A notebook is a Jupyter Notebook that uses device state data, data tables and third-party sources to generate advanced insights about your IoT solution through a variety of batch analytics methods. The notebook’s code is developed outside of your application, but it is executed within the application’s environment.
Notebooks are found under the “Notebooks” link within the “Data Visualization” section of your application’s navigation.
Creating a Notebook
To create a notebook, click the “Add Notebook” button in the top right corner of your application’s list of notebooks.
Give your notebook a name and optionally a description and then create the notebook. You will then be redirected to an interface where the notebook can be developed for use within your application.
The first step is to configure your notebook’s inputs, each of which will generate a dataset when the notebook runs.
These datasets — which are populated by your application’s devices and data tables — serve as the starting point for the batch analytics, visualizations and statistical modeling within your Jupyter Notebook.
Once you have configured your inputs, the next step is to export a set of sample data from those inputs.
Links to these files will be emailed to an address of your choosing; then, you can download the sample data for use when building your notebook.
Next, given your sample data, you can write your notebook’s code in your local environment.
Once you are happy with the results, you can replace the references to the sample data with references to the input files as they’ll be written to disk during a notebook execution.
Take your completed
.ipynb file and upload it to your application’s notebook.
This is the file that will run in the cloud environment against your input data. From this tab you can always download your current file, make changes and upload a new version.
Finally, decide what to do with the output of your notebook execution. All notebook runs generate a handful of output files automatically, and depending on the content of your notebook file, they may generate many more in a variety of file formats.
Decide what to do with these files (if anything) by directing them to your application’s file storage or into a data table.
Once your inputs are configured, you’ve developed your notebook and uploaded the file and configured what to do with the code execution’s outputs, it’s time to actually run the notebook against your live application data.
There are two ways to run a notebook:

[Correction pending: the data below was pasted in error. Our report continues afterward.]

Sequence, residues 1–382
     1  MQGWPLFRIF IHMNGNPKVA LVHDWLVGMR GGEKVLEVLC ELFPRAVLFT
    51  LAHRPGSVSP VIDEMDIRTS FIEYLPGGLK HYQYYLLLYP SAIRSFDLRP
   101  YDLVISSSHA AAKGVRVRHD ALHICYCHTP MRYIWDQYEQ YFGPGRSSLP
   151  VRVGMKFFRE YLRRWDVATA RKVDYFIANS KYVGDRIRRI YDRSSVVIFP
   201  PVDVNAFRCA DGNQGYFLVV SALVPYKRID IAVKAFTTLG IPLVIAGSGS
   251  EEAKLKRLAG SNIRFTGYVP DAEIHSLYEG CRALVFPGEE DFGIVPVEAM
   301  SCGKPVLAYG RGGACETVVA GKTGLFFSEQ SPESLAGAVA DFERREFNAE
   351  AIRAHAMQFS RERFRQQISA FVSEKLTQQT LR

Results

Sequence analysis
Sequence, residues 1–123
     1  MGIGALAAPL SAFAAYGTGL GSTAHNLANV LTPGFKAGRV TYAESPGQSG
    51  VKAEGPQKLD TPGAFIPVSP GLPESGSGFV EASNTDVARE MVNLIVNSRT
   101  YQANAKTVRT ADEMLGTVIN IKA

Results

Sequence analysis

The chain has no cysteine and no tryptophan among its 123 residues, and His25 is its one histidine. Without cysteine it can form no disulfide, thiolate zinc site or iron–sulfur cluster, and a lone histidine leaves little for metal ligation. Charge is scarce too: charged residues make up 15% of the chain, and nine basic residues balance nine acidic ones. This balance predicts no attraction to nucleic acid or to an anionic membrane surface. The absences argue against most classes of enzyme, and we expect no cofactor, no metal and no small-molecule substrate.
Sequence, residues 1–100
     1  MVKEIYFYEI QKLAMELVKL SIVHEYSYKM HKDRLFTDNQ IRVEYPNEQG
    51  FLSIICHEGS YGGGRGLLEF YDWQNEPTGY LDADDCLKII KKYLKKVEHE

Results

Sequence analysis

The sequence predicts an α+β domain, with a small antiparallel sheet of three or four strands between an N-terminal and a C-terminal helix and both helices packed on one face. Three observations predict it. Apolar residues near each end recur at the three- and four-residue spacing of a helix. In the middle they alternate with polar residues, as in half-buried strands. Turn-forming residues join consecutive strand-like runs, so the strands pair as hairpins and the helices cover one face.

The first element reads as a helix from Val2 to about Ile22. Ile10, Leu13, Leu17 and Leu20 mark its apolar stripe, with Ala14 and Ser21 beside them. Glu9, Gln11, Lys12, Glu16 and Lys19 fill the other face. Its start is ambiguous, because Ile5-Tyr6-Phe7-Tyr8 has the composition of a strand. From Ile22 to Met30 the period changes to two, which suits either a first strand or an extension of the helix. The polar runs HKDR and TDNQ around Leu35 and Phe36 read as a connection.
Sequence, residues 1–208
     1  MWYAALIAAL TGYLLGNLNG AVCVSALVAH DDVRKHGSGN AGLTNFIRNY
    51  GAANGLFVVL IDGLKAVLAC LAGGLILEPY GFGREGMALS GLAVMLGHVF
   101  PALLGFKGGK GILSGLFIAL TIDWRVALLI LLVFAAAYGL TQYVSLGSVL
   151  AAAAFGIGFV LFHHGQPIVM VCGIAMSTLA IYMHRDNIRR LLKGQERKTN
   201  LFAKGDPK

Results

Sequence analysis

Notebook: Execute Node
To automate the running of notebooks against your application data, you can use the Notebook: Execute Node to start a notebook execution via a workflow. In most cases, this node will be connected to a Timer Trigger configured with a cron string to run the notebook on a regular schedule (e.g. “every Monday at 9:00am”).
The workflow will not await the execution of the notebook before proceeding to the next node(s) connected to the Notebook: Execute Node. Instead, the node will queue the notebook for execution and will fire any Notebook Triggers configured to run when executions of the chosen notebook have completed or errored. Most users will use the Email Node in conjunction with this trigger to send the execution’s outputs to an address of their choosing.
In the top right corner of your notebook’s detail page, there is a button to execute the notebook immediately. Click the button to display a modal where you must choose a query time before kicking off the execution.
Just like with the Notebook: Execute Node, this will queue the execution and you can track its progress in the notebook’s execution log.
Deleting a Notebook
To delete a notebook, click the “Delete Notebook” link at the bottom of the notebook’s “Properties” tab.
Deleting a notebook will cause any executions of the notebook (via workflows) to fail. The execution logs — along with links to any output files within those execution logs — will no longer be accessible.
However, deleting a notebook will not delete any files that were generated by that notebook and saved to your application files, nor will it affect any data tables or rows generated by the notebook’s previous executions.